To the Editor:
Bandiera and colleagues1 have presented a framework for residency selection that suggests that programs and institutions identify “their social mandates and establish selection criteria based on these mandates.” In this way, aligning program focus with social accountability in different programs’ selection practices will lead to an appropriately diverse physician workforce. However, simply selecting program-relevant trainees will not be sufficient to meet the needs of patients or demands on the physician workforce.
With a shortage of physicians looming in our future,2 we have become increasingly concerned about reductions in the available pool of clinician–educators to train larger numbers of future physicians. In dermatology, for example, 6% of physicians practice in an academic environment. Economic factors and issues in recruitment and retention have been identified as sources of declining numbers of dermatologists within academia.3,4 Dermatology is not alone in this. Medicine in general has experienced a reduction in the number of physicians in academic practice due to similar underlying issues.5 These problems create unwelcomed fluctuations in faculty numbers and ability to teach.
To address this critical gap in academic educators, we have proposed and are implementing a unique residency program model that emphasizes support in the transition from trainee to junior faculty member. In such a program, residency is linked to a faculty appointment at the same institution upon completion of training. Junior faculty will be provided with career development courses and structured mentorship. While this model is not feasible for every program, there will be programs in many specialties that identify with a mandate to create academic leaders and educators. This setup facilitates selection of residency candidates with similar goals.
We are piloting such a model within our residency program with the first class to begin their three years of dermatology training in July 2016, followed by a (minimum) three-year term on faculty.6,7 We plan to provide our trainees with the tools they need to succeed as strong academic leaders and educators and, in so doing, fill a much-needed gap in the physician workforce. Such a program might similarly serve the institutional or regional needs of other specialties.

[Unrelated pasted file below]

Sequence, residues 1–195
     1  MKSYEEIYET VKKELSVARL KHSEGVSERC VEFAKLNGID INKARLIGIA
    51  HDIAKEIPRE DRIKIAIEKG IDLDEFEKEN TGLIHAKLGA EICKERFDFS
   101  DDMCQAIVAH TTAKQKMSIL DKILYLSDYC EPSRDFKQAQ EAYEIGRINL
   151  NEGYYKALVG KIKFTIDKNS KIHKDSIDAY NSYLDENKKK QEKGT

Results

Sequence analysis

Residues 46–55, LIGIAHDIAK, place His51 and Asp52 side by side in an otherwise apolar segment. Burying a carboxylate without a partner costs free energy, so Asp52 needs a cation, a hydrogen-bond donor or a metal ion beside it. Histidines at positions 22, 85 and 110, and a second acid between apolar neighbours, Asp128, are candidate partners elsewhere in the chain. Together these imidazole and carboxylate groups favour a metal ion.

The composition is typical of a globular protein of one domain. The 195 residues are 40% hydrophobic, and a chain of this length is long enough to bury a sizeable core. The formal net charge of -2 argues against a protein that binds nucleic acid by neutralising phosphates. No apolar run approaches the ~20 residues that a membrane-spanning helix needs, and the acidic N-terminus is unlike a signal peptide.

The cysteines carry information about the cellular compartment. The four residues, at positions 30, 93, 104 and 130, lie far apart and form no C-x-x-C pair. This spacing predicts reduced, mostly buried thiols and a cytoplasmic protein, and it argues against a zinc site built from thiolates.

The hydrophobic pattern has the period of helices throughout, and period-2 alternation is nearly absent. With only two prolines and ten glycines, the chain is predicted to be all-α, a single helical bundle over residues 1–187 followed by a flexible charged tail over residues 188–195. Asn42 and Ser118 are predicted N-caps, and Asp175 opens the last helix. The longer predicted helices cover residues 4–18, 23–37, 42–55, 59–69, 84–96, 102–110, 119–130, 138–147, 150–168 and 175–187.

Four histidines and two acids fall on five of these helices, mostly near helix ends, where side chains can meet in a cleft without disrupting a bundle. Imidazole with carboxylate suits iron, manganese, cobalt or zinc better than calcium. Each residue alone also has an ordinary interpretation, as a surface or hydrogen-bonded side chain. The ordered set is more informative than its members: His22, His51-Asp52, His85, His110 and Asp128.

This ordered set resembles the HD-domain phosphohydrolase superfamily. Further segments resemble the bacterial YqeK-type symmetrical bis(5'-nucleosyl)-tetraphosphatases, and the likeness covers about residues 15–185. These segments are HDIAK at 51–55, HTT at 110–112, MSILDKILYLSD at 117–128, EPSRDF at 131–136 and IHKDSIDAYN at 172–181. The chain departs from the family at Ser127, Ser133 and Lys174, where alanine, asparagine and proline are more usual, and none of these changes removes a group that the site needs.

Rhoda M. Alani, MD
Herbert Mescon Endowed Professor and Chair, Department of Dermatology, Boston University School of Medicine, Boston, Massachusetts; firstname.lastname@example.org.
Allison Larson, MD
Assistant dean of academic affairs and assistant professor in dermatology, Boston University School of Medicine, Boston, Massachusetts.
Vincent Falanga, MD
Professor of dermatology and residency program director, Department of Dermatology, Boston University School of Medicine, Boston, Massachusetts.
1. Bandiera G, Abrahams C, Ruetalo M, Hanson MD, Nickell L, Spadafora S. Identifying and promoting best practices in residency application and selection in a complex academic health network. Acad Med. 2015;90:15941601.
2. Dall T, West T, Chakrabarti R, Iacobucci W. The Complexities of Physician Supply and Demand: Projections From 2013 to 2025. 2015. Washington, DC: Association of American Medical Colleges/IHS Inc.https://www.aamc.org/download/426248/data/thecomplexitiesofphysiciansupply anddemand projectionsfrom2013to2.pdf
. Accessed April 19, 2016.
3. Resneck JS Jr, Tierney EP, Kimball AB. Challenges facing academic dermatology: Survey data on the faculty workforce. J Am Acad Dermatol. 2006;54:211216.
4. Loo DS, Liu CL, Geller AC, Gilchrest BA. Academic dermatology manpower: Issues of recruitment and retention. Arch Dermatol. 2007;143:341347.
5. Kubiak NT, Guidot DM, Trimm RF, Kamen DL, Roman J. Recruitment and retention in academic medicine—what junior faculty and trainees want department chairs to know. Am J Med Sci. 2012;344:2427.